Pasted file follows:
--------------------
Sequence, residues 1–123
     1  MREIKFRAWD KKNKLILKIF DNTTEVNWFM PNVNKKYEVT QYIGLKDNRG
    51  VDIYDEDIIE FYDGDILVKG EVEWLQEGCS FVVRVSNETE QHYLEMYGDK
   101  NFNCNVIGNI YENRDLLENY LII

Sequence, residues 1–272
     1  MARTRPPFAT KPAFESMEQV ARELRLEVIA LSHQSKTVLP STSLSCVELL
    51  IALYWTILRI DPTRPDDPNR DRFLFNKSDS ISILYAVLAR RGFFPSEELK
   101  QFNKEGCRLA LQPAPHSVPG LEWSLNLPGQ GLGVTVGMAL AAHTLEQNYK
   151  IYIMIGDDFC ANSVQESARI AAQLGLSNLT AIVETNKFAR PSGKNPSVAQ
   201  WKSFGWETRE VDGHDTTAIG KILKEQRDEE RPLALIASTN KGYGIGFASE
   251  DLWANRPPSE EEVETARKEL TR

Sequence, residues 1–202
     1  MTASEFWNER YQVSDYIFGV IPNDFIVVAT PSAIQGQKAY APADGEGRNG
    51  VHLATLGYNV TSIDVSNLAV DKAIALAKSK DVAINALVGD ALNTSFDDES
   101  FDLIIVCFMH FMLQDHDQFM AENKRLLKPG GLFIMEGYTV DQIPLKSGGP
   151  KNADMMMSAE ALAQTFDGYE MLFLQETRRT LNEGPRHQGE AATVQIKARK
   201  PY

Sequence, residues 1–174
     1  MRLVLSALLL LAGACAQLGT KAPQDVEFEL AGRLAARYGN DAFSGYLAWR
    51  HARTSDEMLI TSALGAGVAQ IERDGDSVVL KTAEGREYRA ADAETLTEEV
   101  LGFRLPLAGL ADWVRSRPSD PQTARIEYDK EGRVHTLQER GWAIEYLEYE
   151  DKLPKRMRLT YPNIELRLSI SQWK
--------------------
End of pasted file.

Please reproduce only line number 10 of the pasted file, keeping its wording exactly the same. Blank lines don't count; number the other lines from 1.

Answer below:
   201  WKSFGWETRE VDGHDTTAIG KILKEQRDEE RPLALIASTN KGYGIGFASE